Last weekend, four teams of Conrad students took home major prizes at entrepreneurship competitions in Halifax, Manitoba, and Toronto. Enterprise Co-op teams pitched and won at the National Business and Technology Conference (NBTC) and the Ted Rogers Management Conference Startup Summit in Toronto. Meanwhile, on opposite sides of the country, Master of Business Entrepreneurship and Technology (MBET) teams pitched and won at the Stu Clark Investment Competition in Manitoba and the Canada’s Business Model Competition in Halifax.
Landmine Boys awarded first place on the East Coast
MBET student Richard Yim and E Co-op alumnus Christian Lee are the co-founders of Landmine Boys, a startup dedicated to eradicating landmine casualties worldwide. Landmine Boys has built a machine to safely excavate and neutralize landmines without danger to human operators. Their novel solution to this far-reaching problem has attracted the attention of media and government alike, and on Saturday, it was awarded the top prize of $25K at the Canada’s Business Model Competition (CBMC) in Halifax.
CBMC challenges competitors to explain how their business model has been shaped by customer validation and lean startup principles. In his pitch, Richard referenced his extensive investigation of the problems faced by current deminers, including time spent in Cambodia training with NGOs who work on this issue.
Landmine Boys will advance to the International Business Model Competition later this year.
E Co-op startups take top prizes in Toronto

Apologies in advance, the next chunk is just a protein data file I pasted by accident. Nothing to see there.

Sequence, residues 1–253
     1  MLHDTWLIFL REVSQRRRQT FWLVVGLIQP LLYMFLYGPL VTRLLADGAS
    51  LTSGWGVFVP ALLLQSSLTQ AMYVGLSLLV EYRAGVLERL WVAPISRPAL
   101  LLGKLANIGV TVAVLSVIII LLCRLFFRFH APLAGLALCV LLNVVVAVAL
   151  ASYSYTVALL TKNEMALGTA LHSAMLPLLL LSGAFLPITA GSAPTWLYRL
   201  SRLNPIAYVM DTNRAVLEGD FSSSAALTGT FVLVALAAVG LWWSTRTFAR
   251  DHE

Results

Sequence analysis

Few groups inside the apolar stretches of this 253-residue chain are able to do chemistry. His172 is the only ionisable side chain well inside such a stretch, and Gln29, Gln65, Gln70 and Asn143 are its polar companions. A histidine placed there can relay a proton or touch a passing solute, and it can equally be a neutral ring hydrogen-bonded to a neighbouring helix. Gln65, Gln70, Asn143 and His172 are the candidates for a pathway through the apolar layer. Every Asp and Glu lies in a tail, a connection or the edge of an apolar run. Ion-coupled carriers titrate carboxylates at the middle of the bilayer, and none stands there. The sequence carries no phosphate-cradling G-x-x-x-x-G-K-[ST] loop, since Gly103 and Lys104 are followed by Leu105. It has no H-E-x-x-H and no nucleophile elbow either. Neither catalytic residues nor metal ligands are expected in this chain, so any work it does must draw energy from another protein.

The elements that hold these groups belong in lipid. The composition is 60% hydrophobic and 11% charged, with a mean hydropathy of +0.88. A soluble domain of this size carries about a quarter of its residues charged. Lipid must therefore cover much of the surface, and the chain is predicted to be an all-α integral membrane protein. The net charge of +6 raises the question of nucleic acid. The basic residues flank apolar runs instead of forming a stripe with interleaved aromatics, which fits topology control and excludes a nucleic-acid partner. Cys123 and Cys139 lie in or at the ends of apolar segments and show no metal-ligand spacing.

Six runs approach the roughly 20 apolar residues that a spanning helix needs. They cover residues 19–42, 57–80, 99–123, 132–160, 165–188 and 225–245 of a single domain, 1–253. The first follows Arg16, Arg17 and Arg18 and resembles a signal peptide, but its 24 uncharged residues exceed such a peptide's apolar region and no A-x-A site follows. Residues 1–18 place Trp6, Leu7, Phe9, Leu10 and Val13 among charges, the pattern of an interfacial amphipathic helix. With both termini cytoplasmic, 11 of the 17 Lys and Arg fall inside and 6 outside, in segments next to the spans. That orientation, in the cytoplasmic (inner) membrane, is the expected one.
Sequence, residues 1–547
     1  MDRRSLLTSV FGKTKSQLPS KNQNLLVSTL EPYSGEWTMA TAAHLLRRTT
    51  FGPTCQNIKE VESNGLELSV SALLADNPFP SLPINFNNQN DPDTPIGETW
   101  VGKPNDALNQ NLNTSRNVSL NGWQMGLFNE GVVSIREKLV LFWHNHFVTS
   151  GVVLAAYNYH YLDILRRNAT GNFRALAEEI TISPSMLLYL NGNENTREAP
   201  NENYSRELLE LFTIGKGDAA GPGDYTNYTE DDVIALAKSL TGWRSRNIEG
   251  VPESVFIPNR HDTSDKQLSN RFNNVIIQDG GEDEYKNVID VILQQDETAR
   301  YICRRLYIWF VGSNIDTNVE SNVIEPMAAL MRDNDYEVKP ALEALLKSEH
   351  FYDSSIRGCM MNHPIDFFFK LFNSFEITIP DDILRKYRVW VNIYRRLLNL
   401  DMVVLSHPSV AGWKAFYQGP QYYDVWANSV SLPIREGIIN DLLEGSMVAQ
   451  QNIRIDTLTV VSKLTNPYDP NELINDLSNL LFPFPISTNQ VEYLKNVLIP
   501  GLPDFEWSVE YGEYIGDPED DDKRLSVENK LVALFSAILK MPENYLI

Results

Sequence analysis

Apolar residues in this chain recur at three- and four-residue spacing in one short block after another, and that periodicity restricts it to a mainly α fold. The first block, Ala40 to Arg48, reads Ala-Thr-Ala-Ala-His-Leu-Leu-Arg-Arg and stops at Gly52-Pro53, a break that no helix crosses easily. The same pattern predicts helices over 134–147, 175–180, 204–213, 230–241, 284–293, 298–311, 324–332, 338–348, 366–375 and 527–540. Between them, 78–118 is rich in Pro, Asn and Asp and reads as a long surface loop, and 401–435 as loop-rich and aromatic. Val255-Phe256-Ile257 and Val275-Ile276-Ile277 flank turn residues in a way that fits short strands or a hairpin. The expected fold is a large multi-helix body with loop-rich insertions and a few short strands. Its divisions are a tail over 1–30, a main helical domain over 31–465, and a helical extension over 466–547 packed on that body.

The same weekend, a group of E Co-op students attended NBTC in Toronto to take part in two days of workshops, networking, and competitions. E Co-op students Daisy Shi and Siobhan Allman, both Waterloo architecture students, advanced to the finals in the Entrepreneurship Newcomer category.
Daisy took home the first prize of $750. Her company, Pixls 3D Graphics & Visualizations, provides 3D graphics and rendering services to businesses. Three dimensional renders are computer-generated photorealistic images that are used to design, build, and market products—often before the product exists.
Elsewhere in Toronto at the Ted Rogers Management Conference’s Startup Summit, another E Co-op startup pitched and won first place. Frank Nguyen and Andre Bertram received $4K in funding for their startup, HelpWear, which is developing a smart watch that provides 24/7 at-home heart monitoring with an embedded emergency contact system, for better prevention and treatment of heart-related illness.
Both Frank and Andre are Waterloo engineering students, who founded the startup when they were high school students, inspired by Frank’s concern for his mother’s heart condition.
Health tech startup Curiato wins in western Canada
Meanwhile in Manitoba, MBET students Moazam Khan and Zied Etleb received the $10K second place prize at the Stu Clark Investment Competition, an annual graduate student business plan competition held at the University of Manitoba. Their startup, Curiato, is leveraging Cloud and IoT technologies to create a smart mattress that will eliminate a serious but often overlooked health issue: bedsores. They were also recognized as the top Canadian business plan at the competition.